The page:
Like many Supreme Court decisions, United States v. Alvarez (1) answered many questions. Can the government proscribe false statements solely because they are false? (No.) What must the government establish before regulating or proscribing speech? (Likely or actual harm.) Also like many Supreme Court decisions, Alvarez created (or resurrected) at least as many questions as it answered. How much harm is required before the government can regulate speech? How do courts and lawmakers discern the holding when no opinion garnered a majority of Justices?
Both judges and lawmakers look to the Court for guidance. While judges have the advantage of actual parties and concrete facts, legislators must gaze into the future to craft legislation that comports with the Court's decision while meeting the needs of their constituents. This challenging task is made all the more difficult when the Court's decision is fractured, with no single legal theory attracting the votes of five Justices. This article attempts to shed some light on the path forward for the legislative branch, bifurcating (as does the Alvarez decision) to address the harms posed by false claims of military awards. This article starts by examining the pre-Alvarez legal landscape of proscribing content-based speech, (2) then examines how the Court treated its own precedent in Alvarez, including an analysis of Justice Breyer's concurrence and its application of intermediate scrutiny to content-based speech. (3) Of particular note is the emphasis on--and the differing treatments of--counterspeech, and its effect on the constitutional analysis. (4) Finally, both approaches to false statements of fact are applied to various approaches to addressing the harm of false claims of military valor: the plurality's approach as applied to the Stolen Valor Act of 2012 (which recently passed the House by a vote of 410 to 3), and Justice Breyer's intermediate scrutiny as applied to a statute designed to protect the reputation of military awards. (5)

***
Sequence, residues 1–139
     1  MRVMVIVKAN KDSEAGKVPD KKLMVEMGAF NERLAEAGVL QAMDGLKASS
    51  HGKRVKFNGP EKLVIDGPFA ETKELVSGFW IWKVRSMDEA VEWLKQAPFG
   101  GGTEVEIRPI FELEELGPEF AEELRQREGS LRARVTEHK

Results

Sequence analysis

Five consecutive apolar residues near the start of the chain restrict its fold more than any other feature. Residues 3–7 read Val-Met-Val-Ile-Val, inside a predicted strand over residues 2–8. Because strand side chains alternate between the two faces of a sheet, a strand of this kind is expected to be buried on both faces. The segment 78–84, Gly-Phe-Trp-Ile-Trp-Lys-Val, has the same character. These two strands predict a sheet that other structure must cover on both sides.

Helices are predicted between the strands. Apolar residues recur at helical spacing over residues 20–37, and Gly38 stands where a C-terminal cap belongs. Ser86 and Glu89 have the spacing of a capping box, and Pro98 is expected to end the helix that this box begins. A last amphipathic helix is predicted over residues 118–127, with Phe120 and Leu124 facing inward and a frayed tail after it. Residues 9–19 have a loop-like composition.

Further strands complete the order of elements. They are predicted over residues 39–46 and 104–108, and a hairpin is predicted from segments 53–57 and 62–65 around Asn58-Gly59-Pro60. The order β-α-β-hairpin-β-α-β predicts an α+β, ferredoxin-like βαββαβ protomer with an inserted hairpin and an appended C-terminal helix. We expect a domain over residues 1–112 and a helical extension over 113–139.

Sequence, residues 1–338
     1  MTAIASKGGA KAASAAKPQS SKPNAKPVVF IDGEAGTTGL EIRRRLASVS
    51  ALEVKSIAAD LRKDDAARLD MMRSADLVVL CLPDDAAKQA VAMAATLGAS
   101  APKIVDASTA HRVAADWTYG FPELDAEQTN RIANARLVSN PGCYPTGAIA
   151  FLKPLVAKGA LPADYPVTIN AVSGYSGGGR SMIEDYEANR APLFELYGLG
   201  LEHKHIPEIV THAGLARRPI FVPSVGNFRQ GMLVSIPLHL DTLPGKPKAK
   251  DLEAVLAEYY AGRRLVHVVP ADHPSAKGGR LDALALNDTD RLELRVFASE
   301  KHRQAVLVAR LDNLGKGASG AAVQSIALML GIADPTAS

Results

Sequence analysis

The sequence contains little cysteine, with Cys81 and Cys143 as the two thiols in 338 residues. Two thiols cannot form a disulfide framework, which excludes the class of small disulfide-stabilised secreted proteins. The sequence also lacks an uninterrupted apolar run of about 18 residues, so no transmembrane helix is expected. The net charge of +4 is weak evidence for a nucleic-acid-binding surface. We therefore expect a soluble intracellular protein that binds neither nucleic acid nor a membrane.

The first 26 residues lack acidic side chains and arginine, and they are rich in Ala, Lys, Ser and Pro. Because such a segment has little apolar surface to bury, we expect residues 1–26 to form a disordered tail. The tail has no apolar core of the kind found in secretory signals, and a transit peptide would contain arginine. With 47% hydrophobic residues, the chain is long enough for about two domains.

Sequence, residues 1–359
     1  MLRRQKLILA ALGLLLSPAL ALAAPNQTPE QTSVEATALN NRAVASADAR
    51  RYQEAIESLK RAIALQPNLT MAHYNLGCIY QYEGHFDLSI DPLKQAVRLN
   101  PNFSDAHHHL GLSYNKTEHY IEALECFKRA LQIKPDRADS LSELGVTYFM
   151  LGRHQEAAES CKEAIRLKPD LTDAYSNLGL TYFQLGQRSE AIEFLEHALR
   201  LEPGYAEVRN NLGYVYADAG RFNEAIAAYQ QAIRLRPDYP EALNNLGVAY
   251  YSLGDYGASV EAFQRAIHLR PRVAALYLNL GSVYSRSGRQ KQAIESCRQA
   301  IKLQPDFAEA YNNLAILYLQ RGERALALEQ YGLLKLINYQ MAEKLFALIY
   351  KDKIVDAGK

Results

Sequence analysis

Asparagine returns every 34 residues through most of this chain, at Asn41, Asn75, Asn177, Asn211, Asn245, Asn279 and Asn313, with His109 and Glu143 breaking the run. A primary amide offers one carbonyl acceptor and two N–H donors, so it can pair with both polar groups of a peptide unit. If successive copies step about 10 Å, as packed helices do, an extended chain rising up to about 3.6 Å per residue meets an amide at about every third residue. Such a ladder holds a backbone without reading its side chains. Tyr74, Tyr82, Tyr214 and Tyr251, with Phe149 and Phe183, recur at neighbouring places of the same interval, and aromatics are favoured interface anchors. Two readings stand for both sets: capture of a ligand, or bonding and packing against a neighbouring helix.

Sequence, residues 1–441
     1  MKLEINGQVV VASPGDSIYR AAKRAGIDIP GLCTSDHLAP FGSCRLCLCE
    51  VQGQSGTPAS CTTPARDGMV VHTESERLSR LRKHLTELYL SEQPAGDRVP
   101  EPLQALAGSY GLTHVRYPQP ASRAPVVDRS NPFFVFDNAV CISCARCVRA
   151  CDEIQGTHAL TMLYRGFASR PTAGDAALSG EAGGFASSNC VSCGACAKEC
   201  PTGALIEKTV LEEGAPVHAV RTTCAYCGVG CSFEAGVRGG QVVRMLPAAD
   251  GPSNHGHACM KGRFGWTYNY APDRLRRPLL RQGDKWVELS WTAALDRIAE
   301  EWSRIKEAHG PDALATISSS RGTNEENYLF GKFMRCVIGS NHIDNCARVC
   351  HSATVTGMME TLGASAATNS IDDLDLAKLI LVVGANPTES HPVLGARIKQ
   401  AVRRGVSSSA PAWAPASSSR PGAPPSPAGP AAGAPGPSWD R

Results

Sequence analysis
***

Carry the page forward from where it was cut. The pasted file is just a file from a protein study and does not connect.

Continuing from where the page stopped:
I. PROHIBITING LYING IS CONTENT-BASED REGULATION
Everyone agrees: proscribing falsehoods is a content-based regulation of speech. (6) Because content-based restrictions are presumptively invalid (7) this fact presented problems for Craig Missakian, (8) the Assistant United States Attorney defending the Stolen Valor Act (SVA or the Act) before the Ninth Circuit. To successfully defend the SVA, Mr. Missakian had to establish that either the First Amendment didn't apply to false statements of fact, or, if the First Amendment protected those falsehoods, the SVA either satisfied the rigors of strict scrutiny or fell into a "well-defined" exception. (9)
The Ninth Circuit majority--Judges Milan D. Smith, Jr. (l0) and the late Thomas Nelson (11)--started by "presumptively protect[ing] all speech against government interference," (12) including false statements of fact. The majority also rejected the contention that the SVA was the least restrictive means to achieve the government's ends, (13) a point conceded (14) by the lone dissenter, Judge Jay Bybee. (15)
Thus, the only remaining avenue to save the Act was to construe it as a member of a "well-defined and narrowly limited class of speech, the prevention and punishment of which have never been thought to raise any Constitutional problem." (16) The Supreme Court enumerated these "narrow classes" in United States v. Stevens, and indicated that while the list was not finite, discovery of additional classes of unprotected speech would be rare. (17)
Although Stevens had not been decided when Alvarez was argued at the Ninth Circuit on November 4, 2009, Xavier Alvarez's attorney, Assistant Federal Public Defender Jonathan Libby (who would also represent Alvarez before the Supreme Court), (18) successfully argued that the SVA did not fall into any of the categorical exceptions later collected by the Stevens Court. (19) The Ninth Circuit's decision, handed down just over four months after Stevens, was one of the first applications of Stevens's categorical approach. …